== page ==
http://www.twoforjoy.co.uk/fire-in-the-mountain – tickets are nearly sold out so be quick

20th June – Tandem Festival, Oxfordshirehttp://tandemfestival.com/

review of ‘pedal folk’ by folk radio uk

folk radio ukI have just got back from the fourth Pedal Folk tour – this time cycling from Somerset to Oxford.

This lovely review landed in our inboxes and can be read in its original form here – http://www.folkradio.co.uk/2014/06/live-review-pedal-folk-swindon-central-library-30052014/

Live Review: Pedal Folk @ Swindon Central Library, 30/05/2014

6 June 2014 by

Swindon exists roughly at the centre of an imaginary cross whose four arms connect four of the most important places in the life of poet Edward Thomas. To the northwest are the Cotswold hills, where he spent time walking and writing with friend and fellow poet Robert Frost. To the southeast is the village of Steep in rural Hampshire where he lived from 1906. East is London, his birthplace, and west are the Quantock hills, the subject he chose for his final book of prose, In Pursuit of Spring.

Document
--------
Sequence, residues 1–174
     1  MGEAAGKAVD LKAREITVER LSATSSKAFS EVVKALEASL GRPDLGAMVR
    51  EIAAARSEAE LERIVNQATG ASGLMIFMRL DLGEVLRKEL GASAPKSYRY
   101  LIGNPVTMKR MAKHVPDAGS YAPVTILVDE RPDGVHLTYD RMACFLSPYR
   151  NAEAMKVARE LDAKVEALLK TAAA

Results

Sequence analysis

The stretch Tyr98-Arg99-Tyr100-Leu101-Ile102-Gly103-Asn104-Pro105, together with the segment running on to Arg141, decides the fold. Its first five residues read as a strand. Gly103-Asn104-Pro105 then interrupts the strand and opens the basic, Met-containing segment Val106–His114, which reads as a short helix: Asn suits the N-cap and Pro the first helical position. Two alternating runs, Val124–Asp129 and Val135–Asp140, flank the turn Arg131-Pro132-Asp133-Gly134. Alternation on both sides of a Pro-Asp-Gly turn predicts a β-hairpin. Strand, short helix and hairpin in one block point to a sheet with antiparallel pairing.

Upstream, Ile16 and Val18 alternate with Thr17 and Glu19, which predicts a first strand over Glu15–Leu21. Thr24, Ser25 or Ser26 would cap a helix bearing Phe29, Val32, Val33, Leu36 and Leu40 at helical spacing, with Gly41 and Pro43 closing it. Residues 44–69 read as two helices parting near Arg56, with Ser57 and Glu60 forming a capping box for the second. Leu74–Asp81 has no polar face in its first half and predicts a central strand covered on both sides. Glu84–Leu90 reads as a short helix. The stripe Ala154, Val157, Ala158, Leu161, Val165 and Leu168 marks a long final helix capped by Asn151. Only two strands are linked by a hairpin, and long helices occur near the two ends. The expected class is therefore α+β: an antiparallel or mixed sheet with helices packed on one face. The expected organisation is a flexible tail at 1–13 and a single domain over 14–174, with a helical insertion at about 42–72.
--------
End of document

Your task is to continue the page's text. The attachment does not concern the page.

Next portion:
Swindon was also home to the father of modern nature writing, Richard Jefferies, who was a great early influence on (and subject of a biography by) Thomas. So it is doubly appropriate that Pedal Folk should have chosen the town’s Central Library – home, incidentally, to an extensive collection of Jefferies’ works – as a venue on their In Pursuit of Spring tour.

The premise is fairly simple. Three musicians and their bicycles follow the route taken by Thomas in his book, stopping along the way to perform songs taken from or inspired by it. Of course, traveling by bike does not allow for much in the way of luggage, so the choice of instruments if fairly small – a guitar shared between the project’s joint instigators Tim Graham and Robin Grey, a ukulele and the fiddle of Katie Stone-Lonergan.